Action Date: January 20, 1967
Service: Air Force
Rank: Captain

   
Other Comments:
Sources:
http://veterantributes.org/TributeDetail.php?recordID=928
http://www.wikitree.com/wiki/Baugh-394
http://www.pownetwork.org/bios/b/b080.htm
http://dailycall.com/main.asp?SectionID=86&SubSectionID=164&ArticleID=163060
http://tdn-net.com/main.asp?SectionID=12&SubSectionID=13&ArticleID=104560
http://greatwarhawknation.com/memoriam/baugh.html
http://www.ohioheroes.org/inductees/2011/baugh.htm
http://projects.militarytimes.com/citations-medals-awards/recipient.php?recipientid=24088
http://www.findagrave.com/cgi-bin/fg.cgi?page=gr&GRid=150310420
   
 Photo Album   (More...



Vietnam War
Start Year
1960
End Year
1973

Description
Overview of the Vietnam War


Vietnam was the longest war in American history and the most unpopular American war of the 20th century. It resulted in nearly 60,000 American deaths and in an estimated 2 million Vietnamese deaths. Even today, many Americans still ask whether the American effort in Vietnam was a sin, a blunder, a necessary war, or whether it was a noble cause, or an idealistic, if failed, effort to protect the South Vietnamese from totalitarian government.

Summary:

Between 1945 and 1954, the Vietnamese waged an anti-colonial war against France, which received $2.6 billion in financial support from the United States. The French defeat at the Dien Bien Phu was followed by a peace conference in Geneva. As a result of the conference, Laos, Cambodia, and Vietnam received their independence, and Vietnam was temporarily divided between an anti-Communist South and a Communist North. In 1956, South Vietnam, with American backing, refused to hold unification elections. By 1958, Communist-led guerrillas, known as the Viet Cong, had begun to battle the South Vietnamese government.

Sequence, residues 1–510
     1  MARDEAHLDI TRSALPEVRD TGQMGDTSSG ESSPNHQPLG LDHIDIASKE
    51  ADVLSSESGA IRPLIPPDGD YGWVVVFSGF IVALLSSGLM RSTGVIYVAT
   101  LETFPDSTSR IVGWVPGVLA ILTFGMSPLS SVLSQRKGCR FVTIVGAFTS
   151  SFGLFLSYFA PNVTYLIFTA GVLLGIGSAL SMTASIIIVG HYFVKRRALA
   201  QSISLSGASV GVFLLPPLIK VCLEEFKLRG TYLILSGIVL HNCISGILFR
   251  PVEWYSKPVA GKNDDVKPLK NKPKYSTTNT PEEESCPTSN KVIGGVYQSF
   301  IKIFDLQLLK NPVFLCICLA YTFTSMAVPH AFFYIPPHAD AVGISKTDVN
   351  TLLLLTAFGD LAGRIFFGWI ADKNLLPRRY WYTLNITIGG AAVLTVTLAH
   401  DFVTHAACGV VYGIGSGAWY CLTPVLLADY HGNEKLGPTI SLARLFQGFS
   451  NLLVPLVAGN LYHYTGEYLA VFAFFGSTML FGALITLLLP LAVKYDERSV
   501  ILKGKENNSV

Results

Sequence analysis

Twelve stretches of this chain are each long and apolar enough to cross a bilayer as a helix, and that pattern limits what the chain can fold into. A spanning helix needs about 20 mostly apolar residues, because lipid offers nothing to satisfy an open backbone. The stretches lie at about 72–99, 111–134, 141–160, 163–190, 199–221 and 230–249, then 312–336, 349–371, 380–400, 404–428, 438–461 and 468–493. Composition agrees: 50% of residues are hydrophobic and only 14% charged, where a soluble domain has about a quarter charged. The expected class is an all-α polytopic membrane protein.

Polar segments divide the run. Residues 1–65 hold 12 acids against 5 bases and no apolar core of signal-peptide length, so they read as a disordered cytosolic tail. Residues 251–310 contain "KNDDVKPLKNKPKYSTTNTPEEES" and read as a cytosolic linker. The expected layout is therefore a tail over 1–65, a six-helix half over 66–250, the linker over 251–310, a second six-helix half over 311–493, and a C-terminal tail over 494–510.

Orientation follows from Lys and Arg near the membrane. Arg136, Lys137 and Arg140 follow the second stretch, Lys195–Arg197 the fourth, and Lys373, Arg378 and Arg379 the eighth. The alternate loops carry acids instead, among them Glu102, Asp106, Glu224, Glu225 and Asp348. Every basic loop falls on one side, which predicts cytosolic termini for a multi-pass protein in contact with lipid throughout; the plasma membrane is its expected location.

To support the South's government, the United States sent in 2,000 military advisors--a number that grew to 16,300 in 1963. The military condition deteriorated, and by 1963, South Vietnam had lost the fertile Mekong Delta to the Viet Cong. In 1965, President Lyndon Johnson escalated the war, commencing air strikes on North Vietnam and committing ground forces--which numbered 536,000 in 1968. The 1968 Tet Offensive by the North Vietnamese turned many Americans against the war.

The next president, Richard Nixon, advocated Vietnamization, withdrawing American troops and giving South Vietnam greater responsibility for fighting the war. In 1970, Nixon attempted to slow the flow of North Vietnamese soldiers and supplies into South Vietnam by sending American forces to destroy Communist supply bases in Cambodia. This act violated Cambodian neutrality and provoked antiwar protests on the nation's college campuses.